I bought one too many cookbooks.
It wasn’t immediately apparent when I added the little book to the end of the shelf but it turned out to be the proverbial straw that broke the camel’s back. I walked away and then heard a sudden massive crash as if the roof was caving in, but no, it was only the shelves which refused to support the weight of my obsessive collection. The books stayed on the floor the entire summer and when I finally bought a new bookcase I realized something very strange……I had over 150 cookbooks but not one of them was Greek. I had French, Iraqi, Persian, Ethiopian, Yemenite, Alaskan, Moroccan, Romanian, Polish, Hungarian, Turkish, Thai, Chinese, ……but nothing Greek, how could this be? I decided it was time to make spanakopita, Greek spinach pie, and pay homage to my neighboring country.
It took a bit longer than usual to post this recipe because I was busy researching the subject of Greek cuisine. I recognize many Greek foods and their close relatives in adjacent countries such as Albania, Turkey and Macedonian but wanted to find more about specific Greek culinary developments. When I was in Anchorage Alaska, on my way to the airport the taxi driver was speaking in a language I did not recognized. He told me he was from Albania and as is usually the case with me the conversation swiftly turned culinary which was a topic he loved as well.
“Not many people know but Greek food comes from Albania” He told me with a certain pride as I was paying the fare.
“Just as Albanian food comes from Greece”, I thought. A national cuisine usually doesn’t stop abruptly at passport control. Countries bordering each other also share a similar climate, agricultural preferences and history so it is not surprising that their foods will reflect this.
Many Greeks take pride in their country’s thousands of years of culinary history, however, the ancient Greeks were not eating anything like what is eaten now. Even the most representative of Greek food, Mousaka with its cloud of white béchamel, layers of eggplant and lamb, was invented relatively recently by Nikos Tselementes, a famous Greek chef and cookbook author of the early nineteen hundreds. His inspiration came from the West, at a time when France was considered the center of culinary culture and what Tselementes strove to emulate.
The oldest Greek cookbook was written by a poet named Archestratos of Gela in 330 B.C, but he certainly wasn’t producing lovely stanzas about spanakopita because spinach did not grow there then. It would be another few hundred years before the Arabs introduced it to the Mediterranean.
What happened between ancient Greece and modern Greece? The single most important turnaround was the Turkish Ottoman conquest of Greece, which is a sensitive topic and the reason why Greeks once turned to France for culinary inspiration. On the positive side of being ruled by another nation, Turkey was the best you could get in culinary advancement at the time. They invested a tremendous amount of resources to perfect the culinary art and many of the recipes that exist today in Turkey and the lands they once controlled are from this era.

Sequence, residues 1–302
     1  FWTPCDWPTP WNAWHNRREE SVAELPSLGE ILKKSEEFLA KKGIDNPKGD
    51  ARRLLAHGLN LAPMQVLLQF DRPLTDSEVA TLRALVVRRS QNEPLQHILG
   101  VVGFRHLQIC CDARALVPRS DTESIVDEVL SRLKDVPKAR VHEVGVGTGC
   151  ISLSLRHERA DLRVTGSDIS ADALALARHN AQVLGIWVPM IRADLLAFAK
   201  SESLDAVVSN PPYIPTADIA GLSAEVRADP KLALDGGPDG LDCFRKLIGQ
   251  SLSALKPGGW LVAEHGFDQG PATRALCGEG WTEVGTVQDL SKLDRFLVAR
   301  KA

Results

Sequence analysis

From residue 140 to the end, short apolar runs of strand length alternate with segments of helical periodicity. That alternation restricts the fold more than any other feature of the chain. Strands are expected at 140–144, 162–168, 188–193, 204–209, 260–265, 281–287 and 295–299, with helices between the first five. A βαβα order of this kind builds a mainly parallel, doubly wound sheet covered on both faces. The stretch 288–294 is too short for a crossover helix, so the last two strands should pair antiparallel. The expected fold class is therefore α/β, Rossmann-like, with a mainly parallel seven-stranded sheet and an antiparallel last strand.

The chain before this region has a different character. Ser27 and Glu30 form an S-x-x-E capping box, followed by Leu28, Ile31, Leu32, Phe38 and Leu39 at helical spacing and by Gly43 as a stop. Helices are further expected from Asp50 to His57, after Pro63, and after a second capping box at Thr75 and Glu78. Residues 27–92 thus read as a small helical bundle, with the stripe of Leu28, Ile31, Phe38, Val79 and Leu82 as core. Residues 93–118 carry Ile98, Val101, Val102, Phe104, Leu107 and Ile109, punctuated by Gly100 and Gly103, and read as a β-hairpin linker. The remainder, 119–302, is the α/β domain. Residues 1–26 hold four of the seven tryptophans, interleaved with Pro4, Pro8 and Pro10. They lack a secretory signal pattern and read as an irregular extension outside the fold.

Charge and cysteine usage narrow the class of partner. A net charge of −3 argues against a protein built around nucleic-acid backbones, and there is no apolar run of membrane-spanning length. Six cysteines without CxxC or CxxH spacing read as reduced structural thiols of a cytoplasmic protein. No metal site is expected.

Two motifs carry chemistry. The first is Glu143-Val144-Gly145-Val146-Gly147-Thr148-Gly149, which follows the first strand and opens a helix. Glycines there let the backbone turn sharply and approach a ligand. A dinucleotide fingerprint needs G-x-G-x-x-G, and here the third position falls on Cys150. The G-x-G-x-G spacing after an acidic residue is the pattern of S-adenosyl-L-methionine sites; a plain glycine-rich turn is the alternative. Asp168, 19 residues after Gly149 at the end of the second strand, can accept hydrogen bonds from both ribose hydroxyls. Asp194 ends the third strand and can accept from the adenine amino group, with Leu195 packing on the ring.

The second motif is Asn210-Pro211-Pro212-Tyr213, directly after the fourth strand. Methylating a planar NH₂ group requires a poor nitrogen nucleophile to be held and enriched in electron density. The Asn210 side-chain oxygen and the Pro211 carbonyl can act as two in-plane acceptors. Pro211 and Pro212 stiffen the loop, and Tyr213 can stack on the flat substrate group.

The origin of phyllo dough which is used to make spanakopita and other stuffed delicacies, is difficult to isolate but some culinary researchers believe that nomadic Turks should be given the credit. Of course, it is possible that this technique had two centers of origin and there is an ongoing discussion on either side of the Aegean Sea. The phyllo dough is hardly ever homemade anymore because it takes experience to produce thin, delicate sheets but one intrepid Greek Food blogger, Peter Kalofagas, was up to the challenge (of course with a Greek mother by his side, he could not fail)
The beauty of Greek food is its ability to integrate flavors, technique and ingredients into its cuisine making it one of the most exciting and developed of the area. They use the Mediterranean resources available to them, such as olive oil, fresh fruits and vegetables, fish and wonderful bright sunny days to produce flavorful and memorable foods.
Northern Greece specializes not only in spinach and cheese pies, such as spanakopita but also use a combination of greens such as sorrel, nettle, swiss chard and dandelion which are often picked from the wild. During lent, when diary is not eaten, these pies are made without the cheese. This is also the way many Greek Jews prepare it so it can be eaten together with a meat meal (Jews prohibit mixing milk and meat).
600g spinach, washed
½ cup scallions, chopped (I used one onion, finely chopped)
½ cup parsley, chopped
½ cup dill, chopped
100 pecorino cheese, grated (my addition)
1 cup cottage cheese or ricotta
3 eggs, lightly beaten
1 tsp nutmeg
1 box phyllo dough, thawed overnight in fridge, left at room temp for 2 hours
½ cup melted butter or olive oil
Saute green onions until wilted and set aside.
In a large pot add spinach and cook over high heat until wilted, mixing occasionally to get fresh leaves to the bottom. Transfer to a sieve and press down to extract all water or squeeze the liquid by pressing hard between two hands. Roughly chop the wilted leaves.
Mix in all remaining ingredients and set aside.
Melt butter and grease a rectangle baking pan. Lay half of the phyllo in the pan one sheet at a time, lightly buttering each layer. Spread spinach mixture evenly over phyllo. Top with remaining phyllo leaves, lightly buttering each layer. Cover and refrigerate for 30 minutes so butter will set. Preheat oven to 170 C. Bake 30 minutes or until golden brown. Remove from the oven and let stand 5 minutes. Serve hot facing the Mediterranean, or in my case, my 10 year old flying on a rope he tied to the second floor window.
This original recipe (which a few changes) was given to me by Emily Segal, head of the Holistic Health & Wellness center in Kfar Saba.
Origin of Spinach , by Clifford A. Wright
The Cooking of the Eastern Mediterranean, by Paula Wolfert